I am writing this on a train which rolls on through the midday gloom and snow-patched fields of the countryside. The carriage squeaks and rumbles, the salarymen sit at the tables and prepare spreadsheets or read the Daily Mail. A woman with badly dyed hair is on her phone discussing at what price she should sell a car. For the middle of the day it is busy, which has deprived me of a proper table and so I type with my mac jammed on the flip-down plastic shelf from the seat in front of me, the keyboard awkwardly slanted upwards and my neck straining as I look down at the screen. This is as good a place as any to talk about the first few pages of Proust.
The book is at home, I am having to recall what I read from last night and this in itself is appropriate. Proust opens with a recollection, or an attempt at recollection, and a discussion of the way in which we dream of the past, willing it to return to us. Sitting on this train, staring out at the familiar fields and buildings, I see a grey pony nuzzling through the snow to the earth beneath, and wonder if I have seen the same pony before. This carriage, like Proust’s bed, is a familiar place. Is there something about familiar places which give us the freedom to imagine, to recall, and free our minds to think beyond the moment? For Proust’s narrator, this is certainly so. Frustratingly, I cannot recollect the words of the first few pages.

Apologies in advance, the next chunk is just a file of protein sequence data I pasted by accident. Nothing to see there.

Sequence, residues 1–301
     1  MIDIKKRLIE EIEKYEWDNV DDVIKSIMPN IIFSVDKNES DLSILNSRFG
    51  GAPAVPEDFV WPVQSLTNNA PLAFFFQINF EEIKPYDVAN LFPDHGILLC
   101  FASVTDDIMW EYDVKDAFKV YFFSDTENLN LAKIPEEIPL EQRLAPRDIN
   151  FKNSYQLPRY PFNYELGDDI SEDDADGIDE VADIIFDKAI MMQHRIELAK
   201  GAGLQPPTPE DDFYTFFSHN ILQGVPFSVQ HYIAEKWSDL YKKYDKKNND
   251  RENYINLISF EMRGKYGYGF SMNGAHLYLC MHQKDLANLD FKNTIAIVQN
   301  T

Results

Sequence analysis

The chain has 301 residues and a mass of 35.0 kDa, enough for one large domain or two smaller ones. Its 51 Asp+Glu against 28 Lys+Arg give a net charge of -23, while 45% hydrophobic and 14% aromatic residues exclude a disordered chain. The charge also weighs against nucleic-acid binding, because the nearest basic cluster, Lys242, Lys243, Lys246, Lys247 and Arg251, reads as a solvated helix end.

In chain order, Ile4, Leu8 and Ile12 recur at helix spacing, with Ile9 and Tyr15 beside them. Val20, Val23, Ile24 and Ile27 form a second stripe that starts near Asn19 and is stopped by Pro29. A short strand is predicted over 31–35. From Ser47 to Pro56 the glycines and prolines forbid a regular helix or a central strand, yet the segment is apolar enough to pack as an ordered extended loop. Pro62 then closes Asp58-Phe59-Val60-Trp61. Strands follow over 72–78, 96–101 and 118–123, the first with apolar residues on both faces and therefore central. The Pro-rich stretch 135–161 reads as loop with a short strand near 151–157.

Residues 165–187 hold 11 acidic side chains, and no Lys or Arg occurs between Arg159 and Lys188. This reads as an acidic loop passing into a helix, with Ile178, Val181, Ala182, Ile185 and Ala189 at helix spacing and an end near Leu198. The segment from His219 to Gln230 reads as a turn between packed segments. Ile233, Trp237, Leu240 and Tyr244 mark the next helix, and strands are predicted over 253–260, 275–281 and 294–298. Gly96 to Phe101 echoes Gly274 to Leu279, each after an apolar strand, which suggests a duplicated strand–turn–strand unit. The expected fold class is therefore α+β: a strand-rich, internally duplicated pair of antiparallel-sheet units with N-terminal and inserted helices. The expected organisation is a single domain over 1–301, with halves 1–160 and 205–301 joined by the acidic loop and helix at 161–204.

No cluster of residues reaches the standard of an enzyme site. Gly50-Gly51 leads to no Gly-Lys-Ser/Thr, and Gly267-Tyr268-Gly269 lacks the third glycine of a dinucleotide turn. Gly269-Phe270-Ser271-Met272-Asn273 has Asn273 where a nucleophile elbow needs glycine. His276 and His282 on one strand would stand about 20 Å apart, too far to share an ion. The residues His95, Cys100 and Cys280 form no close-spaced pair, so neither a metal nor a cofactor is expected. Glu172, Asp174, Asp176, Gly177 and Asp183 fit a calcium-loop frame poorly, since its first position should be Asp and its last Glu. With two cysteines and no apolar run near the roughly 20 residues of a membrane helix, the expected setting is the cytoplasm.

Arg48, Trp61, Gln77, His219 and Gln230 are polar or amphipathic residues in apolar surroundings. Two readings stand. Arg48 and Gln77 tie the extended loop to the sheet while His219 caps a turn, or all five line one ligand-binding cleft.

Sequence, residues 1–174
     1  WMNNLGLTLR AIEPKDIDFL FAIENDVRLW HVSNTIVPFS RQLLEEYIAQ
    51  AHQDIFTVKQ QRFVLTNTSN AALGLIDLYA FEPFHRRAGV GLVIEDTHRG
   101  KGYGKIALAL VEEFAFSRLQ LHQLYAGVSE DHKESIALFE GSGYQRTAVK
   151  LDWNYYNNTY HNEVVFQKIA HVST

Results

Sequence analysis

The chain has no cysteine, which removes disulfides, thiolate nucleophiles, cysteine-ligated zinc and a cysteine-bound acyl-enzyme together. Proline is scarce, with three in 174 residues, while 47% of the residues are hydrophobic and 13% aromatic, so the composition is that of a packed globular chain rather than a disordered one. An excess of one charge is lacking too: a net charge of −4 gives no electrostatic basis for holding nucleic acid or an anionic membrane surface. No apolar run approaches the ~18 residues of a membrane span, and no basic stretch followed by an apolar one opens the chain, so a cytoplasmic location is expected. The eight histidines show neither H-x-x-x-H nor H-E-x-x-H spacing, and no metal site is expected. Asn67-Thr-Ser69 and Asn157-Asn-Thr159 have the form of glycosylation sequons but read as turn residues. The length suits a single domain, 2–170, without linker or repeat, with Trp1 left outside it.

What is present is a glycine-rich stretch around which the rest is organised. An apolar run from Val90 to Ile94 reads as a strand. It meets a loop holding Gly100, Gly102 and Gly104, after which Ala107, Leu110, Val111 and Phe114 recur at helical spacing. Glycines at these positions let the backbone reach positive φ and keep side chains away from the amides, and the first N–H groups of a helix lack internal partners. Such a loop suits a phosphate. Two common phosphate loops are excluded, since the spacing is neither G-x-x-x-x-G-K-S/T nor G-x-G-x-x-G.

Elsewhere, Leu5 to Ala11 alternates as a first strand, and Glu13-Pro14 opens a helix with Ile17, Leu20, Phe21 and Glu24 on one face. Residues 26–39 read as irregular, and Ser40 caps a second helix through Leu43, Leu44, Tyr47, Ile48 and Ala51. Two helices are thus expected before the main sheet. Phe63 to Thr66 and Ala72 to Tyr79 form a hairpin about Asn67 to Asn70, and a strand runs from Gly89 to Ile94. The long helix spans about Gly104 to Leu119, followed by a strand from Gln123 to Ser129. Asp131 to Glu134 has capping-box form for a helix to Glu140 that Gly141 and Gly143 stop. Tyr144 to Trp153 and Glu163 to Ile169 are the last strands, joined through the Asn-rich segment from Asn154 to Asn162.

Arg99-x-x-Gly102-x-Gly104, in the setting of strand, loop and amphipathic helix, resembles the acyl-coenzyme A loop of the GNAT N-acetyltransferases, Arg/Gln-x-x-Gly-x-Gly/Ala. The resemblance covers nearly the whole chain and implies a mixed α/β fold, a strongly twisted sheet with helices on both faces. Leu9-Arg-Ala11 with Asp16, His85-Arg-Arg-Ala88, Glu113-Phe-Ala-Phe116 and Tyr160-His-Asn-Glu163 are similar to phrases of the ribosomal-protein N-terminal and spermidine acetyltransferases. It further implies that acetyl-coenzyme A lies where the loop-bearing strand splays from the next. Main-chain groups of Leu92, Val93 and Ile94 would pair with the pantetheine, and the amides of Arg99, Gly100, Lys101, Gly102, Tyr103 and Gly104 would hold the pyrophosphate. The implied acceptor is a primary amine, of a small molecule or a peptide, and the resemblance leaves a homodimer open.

Do not read the start of Proust in bed: this was an error, because the prose describes the process of dreaming and the mental seduction of sleep so well that the prospect of sleep itself becomes exciting. That isn’t a polite way of saying that it is a boring introduction, because it isn’t, just that I wish I’d read the opening whilst sitting upright in a chair.
I don’t have the book on the train because I worry that it would look pretentious. Proust is a shibboleth, even the way you say his name becomes a test of whether you cut the mustard. There is something about the magnitude of the book which attracts a certain notoriety. Is the Harry Potter saga longer, or shorter? I will look that up later.
My first impression of Proust is that his sentences belong to a slower age. Is there something self-indulgent about the sentences? It feels right for what he is saying, and it is the exact opposite of Dan Brown & co (whose books I have guiltily devoured.) I imagine a Brown novel as a Big Mac, and Proust feels as if it will be a case of growing my own plants before slow-cooking them.
One of my first thoughts, a terrible indictment on my worldview: you can’t tweet Proust.